Fig. 2 is a, similar view of the parts shown in Fig l, the view being taken at right angles to that shown in the latter figure;

Fig. 3 is a side elevation of a modified for of a supporter which also embodies the invention together with a portion of a cable;

Fig. 4 is a similar view of the parts shown in Fig. 3, the view being taken at right angles to that shown in the latter figure;

Fig.5 is a side elevation of a further modified construction, together with a portion of a cable; Fig. 6 is a similar view of the parts shown in Fig. 5, the view being taken at right angles to that shown in the latter figure;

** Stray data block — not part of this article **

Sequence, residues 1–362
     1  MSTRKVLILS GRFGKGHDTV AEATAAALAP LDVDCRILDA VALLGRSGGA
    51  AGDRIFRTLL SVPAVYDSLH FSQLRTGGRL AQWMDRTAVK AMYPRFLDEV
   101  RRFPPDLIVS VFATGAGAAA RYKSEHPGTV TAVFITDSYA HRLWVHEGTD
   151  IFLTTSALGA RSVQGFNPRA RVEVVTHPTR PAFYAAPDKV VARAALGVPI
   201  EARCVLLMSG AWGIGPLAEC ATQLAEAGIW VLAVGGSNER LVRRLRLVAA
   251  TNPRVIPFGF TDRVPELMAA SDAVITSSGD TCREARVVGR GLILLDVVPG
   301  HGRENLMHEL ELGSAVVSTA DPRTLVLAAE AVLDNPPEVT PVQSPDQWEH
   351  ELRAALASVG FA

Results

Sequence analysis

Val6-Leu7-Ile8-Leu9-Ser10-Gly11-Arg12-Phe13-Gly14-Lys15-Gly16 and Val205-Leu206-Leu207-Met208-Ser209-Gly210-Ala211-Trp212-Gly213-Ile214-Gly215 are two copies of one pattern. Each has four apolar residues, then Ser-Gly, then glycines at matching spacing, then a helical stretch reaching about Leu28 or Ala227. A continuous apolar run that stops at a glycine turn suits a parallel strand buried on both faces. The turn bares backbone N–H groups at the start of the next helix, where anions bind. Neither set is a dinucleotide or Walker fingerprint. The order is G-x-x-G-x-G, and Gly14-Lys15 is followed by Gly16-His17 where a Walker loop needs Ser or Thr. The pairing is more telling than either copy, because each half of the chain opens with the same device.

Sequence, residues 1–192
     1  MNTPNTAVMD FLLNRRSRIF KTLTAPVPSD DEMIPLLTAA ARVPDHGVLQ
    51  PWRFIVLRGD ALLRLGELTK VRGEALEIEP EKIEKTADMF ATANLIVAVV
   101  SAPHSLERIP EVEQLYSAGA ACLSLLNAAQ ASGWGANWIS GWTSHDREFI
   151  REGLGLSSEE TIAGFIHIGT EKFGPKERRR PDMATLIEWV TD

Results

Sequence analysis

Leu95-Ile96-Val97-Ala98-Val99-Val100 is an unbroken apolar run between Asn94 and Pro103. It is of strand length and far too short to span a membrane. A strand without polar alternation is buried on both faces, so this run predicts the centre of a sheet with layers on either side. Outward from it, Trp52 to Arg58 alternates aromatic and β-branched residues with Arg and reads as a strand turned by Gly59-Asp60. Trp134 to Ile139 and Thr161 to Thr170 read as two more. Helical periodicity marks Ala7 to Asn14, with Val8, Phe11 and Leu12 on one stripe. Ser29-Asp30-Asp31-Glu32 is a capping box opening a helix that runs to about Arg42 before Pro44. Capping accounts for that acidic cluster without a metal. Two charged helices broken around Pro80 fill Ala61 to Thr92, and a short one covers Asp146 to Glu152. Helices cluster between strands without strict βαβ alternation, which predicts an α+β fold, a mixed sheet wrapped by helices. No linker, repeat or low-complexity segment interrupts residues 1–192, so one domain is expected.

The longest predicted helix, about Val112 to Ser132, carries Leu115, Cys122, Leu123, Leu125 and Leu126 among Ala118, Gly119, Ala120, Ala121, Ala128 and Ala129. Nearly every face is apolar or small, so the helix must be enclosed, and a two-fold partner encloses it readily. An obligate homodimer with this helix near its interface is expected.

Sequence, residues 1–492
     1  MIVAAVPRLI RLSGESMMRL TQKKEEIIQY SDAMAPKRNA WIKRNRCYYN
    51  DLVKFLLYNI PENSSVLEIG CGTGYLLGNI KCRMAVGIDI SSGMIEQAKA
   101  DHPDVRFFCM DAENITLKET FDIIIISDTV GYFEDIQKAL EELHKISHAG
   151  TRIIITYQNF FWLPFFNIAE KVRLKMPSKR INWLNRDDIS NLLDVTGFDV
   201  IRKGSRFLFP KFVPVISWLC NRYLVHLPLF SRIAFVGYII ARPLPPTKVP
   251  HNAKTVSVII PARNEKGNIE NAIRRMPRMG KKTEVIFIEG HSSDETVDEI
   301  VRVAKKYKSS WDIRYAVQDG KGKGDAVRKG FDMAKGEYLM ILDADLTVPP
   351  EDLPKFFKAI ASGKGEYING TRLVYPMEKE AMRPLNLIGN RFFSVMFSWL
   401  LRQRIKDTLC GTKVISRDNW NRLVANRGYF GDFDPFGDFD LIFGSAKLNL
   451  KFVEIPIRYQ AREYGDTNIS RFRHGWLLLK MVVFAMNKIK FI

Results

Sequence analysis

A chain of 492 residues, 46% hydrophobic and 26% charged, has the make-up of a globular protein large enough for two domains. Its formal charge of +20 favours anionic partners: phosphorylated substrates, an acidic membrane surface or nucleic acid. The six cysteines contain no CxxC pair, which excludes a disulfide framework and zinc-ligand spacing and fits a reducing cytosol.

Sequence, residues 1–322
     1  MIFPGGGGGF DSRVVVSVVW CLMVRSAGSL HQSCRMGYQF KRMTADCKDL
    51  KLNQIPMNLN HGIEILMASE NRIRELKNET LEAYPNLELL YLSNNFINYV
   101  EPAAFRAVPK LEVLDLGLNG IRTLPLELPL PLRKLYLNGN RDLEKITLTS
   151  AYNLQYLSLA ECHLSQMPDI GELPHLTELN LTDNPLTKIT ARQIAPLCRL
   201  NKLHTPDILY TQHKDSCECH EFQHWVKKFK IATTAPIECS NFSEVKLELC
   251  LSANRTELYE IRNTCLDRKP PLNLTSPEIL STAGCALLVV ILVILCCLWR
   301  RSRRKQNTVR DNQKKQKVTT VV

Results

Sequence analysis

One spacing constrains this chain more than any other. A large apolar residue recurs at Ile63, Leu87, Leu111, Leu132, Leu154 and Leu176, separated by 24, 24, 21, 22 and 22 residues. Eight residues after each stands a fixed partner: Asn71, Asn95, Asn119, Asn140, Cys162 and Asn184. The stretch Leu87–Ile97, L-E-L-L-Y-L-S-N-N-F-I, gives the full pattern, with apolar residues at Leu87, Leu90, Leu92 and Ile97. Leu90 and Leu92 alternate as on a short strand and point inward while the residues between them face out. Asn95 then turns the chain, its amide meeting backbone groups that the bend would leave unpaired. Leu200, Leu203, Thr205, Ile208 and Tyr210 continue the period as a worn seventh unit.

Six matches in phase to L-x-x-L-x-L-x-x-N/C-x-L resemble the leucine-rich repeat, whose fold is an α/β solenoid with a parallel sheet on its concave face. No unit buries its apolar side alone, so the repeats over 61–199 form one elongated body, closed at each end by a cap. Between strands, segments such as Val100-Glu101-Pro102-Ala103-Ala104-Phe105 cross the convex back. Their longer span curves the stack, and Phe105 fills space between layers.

Figs. '7 and 8 are side elevations on a larger December 18, 1942, Serial No. 469,425

scale of a part of the devices shown in the preceding figures, illustrating the way a locking effect is obtained} In Fig. 7 the parts are shown in an initial uncompressed condition and in Fig. 8 the same parts are shown compressed.

H1 designates a hollow cylinder constructed of a number of coils of wire helicall wound and in abutting relation. This is a rigid structure and if desired its rigidity may be increased by applying a coat ll of metal as by brazing, soldering or electro-plating. This is shown in Figs. 7 and 8. The lower end l2 of this cylinder is normal to the axis of the cylinder.

From the top of the cylinder the wire is wound spirally to form an open coiled outwardly flaring spring i3 coaxial with the cylinder I 0.